Futurist Keynote at TMA Annual Meeting Outlines How to Succeed in Mass Disruption
Jack Uldrich addressed executives at The Monitoring Association’s conference in Scottsdale, Ariz., to discuss future trends that are bringing exponential change to markets and lifestyles.
SCOTTSDALE, Ariz. — It makes sense that futurist Jack Uldrich would deliver a keynote for The Monitoring Association’s annual meeting here and weave in foresights that portend the central station’s interlaced role in markets that will emerge from tomorrow’s mass disruption. If only you’ll let it. If only you can see it coming first in order to seize the moment.
That’s his point. Uldrich, who has authored numerous books on technology and change management, doesn’t so much predict the future as he dispenses insightful observation on the agents of change that can serve as guideposts for an organization’s successful future.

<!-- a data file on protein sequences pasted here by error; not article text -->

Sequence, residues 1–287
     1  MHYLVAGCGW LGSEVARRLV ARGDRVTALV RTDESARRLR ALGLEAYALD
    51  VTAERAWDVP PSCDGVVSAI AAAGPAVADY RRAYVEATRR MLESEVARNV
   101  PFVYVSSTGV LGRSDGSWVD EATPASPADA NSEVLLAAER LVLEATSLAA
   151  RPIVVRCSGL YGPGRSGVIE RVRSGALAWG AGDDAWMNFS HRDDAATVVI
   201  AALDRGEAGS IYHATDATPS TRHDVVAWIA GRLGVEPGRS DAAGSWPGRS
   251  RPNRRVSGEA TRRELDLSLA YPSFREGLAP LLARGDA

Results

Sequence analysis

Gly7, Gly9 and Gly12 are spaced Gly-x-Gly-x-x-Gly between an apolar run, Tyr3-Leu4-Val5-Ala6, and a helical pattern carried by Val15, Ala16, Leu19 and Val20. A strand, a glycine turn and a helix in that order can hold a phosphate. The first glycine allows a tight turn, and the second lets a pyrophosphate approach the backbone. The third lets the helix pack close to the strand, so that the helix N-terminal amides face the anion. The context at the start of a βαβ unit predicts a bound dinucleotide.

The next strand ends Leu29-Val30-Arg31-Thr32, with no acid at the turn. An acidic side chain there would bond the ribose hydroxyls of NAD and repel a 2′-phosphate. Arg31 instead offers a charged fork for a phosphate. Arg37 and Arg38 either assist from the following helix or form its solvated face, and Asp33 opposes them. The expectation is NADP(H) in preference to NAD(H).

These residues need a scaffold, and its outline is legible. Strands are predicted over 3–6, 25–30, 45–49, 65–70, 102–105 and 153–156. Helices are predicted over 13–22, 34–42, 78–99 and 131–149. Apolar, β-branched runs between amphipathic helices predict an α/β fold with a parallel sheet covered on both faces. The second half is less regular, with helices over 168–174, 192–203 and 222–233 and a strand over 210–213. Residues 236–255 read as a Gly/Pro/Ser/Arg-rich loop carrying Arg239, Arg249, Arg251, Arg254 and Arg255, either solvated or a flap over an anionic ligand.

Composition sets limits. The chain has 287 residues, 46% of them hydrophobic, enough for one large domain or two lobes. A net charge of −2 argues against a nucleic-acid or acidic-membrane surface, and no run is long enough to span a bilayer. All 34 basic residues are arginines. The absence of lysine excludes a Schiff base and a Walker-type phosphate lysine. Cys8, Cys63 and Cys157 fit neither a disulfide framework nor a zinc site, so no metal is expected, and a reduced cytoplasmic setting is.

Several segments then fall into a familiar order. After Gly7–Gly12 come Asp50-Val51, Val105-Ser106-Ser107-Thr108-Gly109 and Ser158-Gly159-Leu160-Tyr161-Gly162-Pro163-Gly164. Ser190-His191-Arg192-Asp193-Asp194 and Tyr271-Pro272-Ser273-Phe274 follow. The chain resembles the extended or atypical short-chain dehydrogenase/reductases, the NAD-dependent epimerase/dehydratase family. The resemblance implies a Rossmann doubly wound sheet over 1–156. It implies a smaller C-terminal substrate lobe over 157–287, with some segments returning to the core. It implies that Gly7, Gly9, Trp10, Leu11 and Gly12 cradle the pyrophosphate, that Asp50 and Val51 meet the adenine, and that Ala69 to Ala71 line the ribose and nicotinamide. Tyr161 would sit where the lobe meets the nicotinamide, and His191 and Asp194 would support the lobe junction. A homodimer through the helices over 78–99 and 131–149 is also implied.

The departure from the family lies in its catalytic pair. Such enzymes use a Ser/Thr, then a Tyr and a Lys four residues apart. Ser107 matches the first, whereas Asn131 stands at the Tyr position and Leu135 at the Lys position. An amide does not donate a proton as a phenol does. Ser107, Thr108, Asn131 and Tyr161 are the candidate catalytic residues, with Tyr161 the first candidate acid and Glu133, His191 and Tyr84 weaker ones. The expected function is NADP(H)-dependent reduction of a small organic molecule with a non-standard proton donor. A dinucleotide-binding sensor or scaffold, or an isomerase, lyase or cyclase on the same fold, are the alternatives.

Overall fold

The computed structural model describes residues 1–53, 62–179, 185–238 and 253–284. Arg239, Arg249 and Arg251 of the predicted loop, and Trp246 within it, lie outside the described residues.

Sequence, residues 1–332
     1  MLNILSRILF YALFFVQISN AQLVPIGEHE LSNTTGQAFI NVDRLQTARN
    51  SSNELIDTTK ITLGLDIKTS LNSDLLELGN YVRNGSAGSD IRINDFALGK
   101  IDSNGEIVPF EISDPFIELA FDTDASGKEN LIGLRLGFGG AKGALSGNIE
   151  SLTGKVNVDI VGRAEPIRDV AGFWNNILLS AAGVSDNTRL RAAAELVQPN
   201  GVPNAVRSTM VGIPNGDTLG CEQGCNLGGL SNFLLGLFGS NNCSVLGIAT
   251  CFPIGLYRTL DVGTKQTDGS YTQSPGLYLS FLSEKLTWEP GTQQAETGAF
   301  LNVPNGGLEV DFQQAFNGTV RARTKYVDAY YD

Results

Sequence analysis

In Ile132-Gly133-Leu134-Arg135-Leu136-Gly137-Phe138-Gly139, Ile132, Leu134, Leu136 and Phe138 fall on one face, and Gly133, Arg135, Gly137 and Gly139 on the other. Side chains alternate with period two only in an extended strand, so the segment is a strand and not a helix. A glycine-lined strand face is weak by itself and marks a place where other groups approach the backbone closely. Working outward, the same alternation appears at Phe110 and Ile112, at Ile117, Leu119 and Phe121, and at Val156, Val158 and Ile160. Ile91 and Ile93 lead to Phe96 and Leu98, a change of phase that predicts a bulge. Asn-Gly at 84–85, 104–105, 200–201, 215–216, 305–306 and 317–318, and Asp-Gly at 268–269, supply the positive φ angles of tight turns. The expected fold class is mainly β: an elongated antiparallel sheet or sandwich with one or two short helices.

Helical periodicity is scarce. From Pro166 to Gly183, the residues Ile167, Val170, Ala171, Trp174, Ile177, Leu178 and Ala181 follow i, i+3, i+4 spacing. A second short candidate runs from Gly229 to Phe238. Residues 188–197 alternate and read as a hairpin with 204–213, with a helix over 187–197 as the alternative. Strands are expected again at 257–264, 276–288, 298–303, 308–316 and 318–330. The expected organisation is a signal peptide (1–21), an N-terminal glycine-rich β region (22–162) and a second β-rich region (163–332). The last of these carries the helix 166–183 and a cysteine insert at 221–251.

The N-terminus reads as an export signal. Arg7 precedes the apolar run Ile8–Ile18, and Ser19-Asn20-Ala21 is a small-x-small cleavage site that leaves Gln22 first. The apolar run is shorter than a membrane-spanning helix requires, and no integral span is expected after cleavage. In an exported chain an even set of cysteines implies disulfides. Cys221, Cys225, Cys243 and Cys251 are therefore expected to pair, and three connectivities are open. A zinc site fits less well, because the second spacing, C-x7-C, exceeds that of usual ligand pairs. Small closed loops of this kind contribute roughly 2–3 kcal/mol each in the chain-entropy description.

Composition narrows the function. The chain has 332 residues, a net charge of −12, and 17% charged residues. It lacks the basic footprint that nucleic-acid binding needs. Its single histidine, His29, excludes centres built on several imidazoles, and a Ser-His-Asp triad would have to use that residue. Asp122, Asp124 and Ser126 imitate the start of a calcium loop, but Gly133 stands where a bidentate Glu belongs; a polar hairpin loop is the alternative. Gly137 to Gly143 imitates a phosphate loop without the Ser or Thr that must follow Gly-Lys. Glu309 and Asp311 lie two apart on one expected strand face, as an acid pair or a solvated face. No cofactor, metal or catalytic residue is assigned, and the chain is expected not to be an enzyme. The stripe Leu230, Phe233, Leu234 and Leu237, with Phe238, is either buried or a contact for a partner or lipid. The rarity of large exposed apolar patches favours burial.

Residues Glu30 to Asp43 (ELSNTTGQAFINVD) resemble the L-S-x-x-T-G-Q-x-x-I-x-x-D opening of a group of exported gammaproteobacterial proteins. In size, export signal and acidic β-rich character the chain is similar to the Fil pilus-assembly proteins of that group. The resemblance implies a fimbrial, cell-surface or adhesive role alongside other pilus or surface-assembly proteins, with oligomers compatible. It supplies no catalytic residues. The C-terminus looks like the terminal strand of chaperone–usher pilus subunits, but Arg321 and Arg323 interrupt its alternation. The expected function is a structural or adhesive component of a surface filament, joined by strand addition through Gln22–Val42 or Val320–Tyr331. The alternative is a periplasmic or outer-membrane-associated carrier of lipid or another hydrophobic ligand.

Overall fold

In his Oct. 9 address, titled “Business as Unusual: Innovation and Global Trends,” Uldrich laid out several trends and technological advancements that can be expected to vastly transform businesses and lifestyles in the coming years. Think wearable technology, 3-D printing and the Internet of Things (IoT). Augmented and virtual reality, artificial intelligence (AI), 5G, nanotechnology, robotics, Big Data-crunching supercomputers and sensors. Myriad sensors. So very many of which will be monitored.
A common theme in any conversation about future business landscapes, of course, includes some version of “get onboard or get run over.” Or, “If you don’t, somebody else will.” Obsolescence is real. An industry’s demise is not pretty. Uldrich reminded attendees who packed into a conference ballroom of a few cases in point. Stagnant or unseeing business leaders ruled over the ubiquitous Blockbuster video rental chain while Netflix delivered its death blow. Blackberry anyone?